Today’s feature is the infamous Bruce Willis cat burglar passion project, “Hudson Hawk.”
“Hudson Hawk” was directed by Michael Lehmann, who was best known at the time for 1988’s “Heathers.” However, “Hudson Hawk” was only his third directorial feature. and his first with a significant budget.
The story of “Hudson Hawk” is credited to Bruce Willis and Robert Kraft, and went through a number of screenplay iterations before getting made. The writing credits ultimately went to Steven de Souza (“Die Hard,” “Judge Dredd,” “The Running Man,” “Street Fighter”) and Daniel Waters (“Heathers,” “Batman Returns,” “Demolition Man”).
The cinematography on “Hudson Hawk” was provided by Dante Spinotti (“Red Dragon,” “The Quick and The Dead,” “Slipstream”), who took over the project after Jost Vacano (“Robocop,” “Starship Troopers,” “Showgirls,” “Total Recall”) had to leave for other commitments due to production delays.
The cast of “Hudson Hawk” features, beyond Bruce Willis, a number of recognizable faces. Andie MacDowell (“Groundhog Day,” “Sex, Lies, and Videotape”) and Danny Aiello (“Once Upon A Time In America,” “The Godfather: Part II”) providing the secondary roles, with the accessory cast being filled out by actors such as James Coburn (“The Great Escape”), Richard E. Grant (“Withnail & I”), Sandra Bernhard (“King of Comedy”), David Caruso (“King of New York,” “CSI: Miami”), and Frank Stallone (“Lethal Games,” “The Roller Blade Seven”).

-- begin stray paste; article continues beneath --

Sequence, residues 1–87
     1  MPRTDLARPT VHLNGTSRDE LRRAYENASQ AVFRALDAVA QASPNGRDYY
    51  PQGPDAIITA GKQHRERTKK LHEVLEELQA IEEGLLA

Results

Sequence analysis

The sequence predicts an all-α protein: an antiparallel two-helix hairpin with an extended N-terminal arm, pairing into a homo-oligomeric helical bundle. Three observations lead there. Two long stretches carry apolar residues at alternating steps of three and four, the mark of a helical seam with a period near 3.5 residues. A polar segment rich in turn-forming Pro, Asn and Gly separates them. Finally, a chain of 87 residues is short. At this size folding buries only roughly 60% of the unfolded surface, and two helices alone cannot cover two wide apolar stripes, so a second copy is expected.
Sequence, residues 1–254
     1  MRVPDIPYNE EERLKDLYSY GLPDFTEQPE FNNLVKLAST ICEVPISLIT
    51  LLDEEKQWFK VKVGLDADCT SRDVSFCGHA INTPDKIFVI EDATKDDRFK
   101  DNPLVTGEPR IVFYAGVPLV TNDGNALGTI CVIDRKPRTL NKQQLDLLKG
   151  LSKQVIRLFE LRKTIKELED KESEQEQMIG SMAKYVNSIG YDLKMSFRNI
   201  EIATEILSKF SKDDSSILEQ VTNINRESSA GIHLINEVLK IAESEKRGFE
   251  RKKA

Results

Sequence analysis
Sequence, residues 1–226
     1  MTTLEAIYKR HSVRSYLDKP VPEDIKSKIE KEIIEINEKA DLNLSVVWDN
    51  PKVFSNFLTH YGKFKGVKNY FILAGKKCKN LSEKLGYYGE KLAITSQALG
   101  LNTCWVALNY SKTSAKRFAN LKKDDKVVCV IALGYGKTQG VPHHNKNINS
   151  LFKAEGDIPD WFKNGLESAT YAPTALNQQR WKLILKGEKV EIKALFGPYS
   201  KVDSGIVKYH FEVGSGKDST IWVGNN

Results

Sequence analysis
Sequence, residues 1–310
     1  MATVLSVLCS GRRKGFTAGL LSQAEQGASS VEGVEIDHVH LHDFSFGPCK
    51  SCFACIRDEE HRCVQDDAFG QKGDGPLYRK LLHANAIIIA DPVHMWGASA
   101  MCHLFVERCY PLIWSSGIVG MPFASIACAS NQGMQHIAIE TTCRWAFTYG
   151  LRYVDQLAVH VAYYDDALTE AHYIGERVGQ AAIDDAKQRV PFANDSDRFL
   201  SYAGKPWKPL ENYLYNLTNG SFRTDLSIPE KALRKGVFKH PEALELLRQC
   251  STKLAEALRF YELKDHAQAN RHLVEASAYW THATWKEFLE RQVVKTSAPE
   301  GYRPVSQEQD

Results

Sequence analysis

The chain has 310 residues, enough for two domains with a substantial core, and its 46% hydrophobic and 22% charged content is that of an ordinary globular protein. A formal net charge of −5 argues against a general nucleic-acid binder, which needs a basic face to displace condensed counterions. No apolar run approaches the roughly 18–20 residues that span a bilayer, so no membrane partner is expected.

The story of “Hudson Hawk” centers around a master thief who has been recently released from prison, and tries to turn his life around. Over the course of the film, he is not only brought back into crime, but wrapped up in a convoluted plot for world domination involving covert agencies, alchemy, and a lost invention of Leonardo Da Vinci.
“Hudson Hawk” was undoubtedly a passion project for Bruce Willis, who served as an executive producer and co-writer on the movie as well as the star. To this day, he adamantly defends the film against the harsh criticisms against it.
The bizarre and genre-defying tone to “Hudson Hawk,” combined with Bruce Willis’s existing image as an action star, created some serious difficulties in marketing the feature. Just looking at the various posters and home video release covers, you see a lot of differences in how the movie is portrayed .
“Hudson Hawk” suffered from a variety of production problems, particularly tied to the inflation of the budget, which was estimated to have reached upwards of 65 million dollars. The massive financial failure and skyrocketed budget of the film (which only grossed a total of $17 million) wound up leading to TriStar being bought out by Sony, joining Columbia into what became Sony Pictures Entertainment.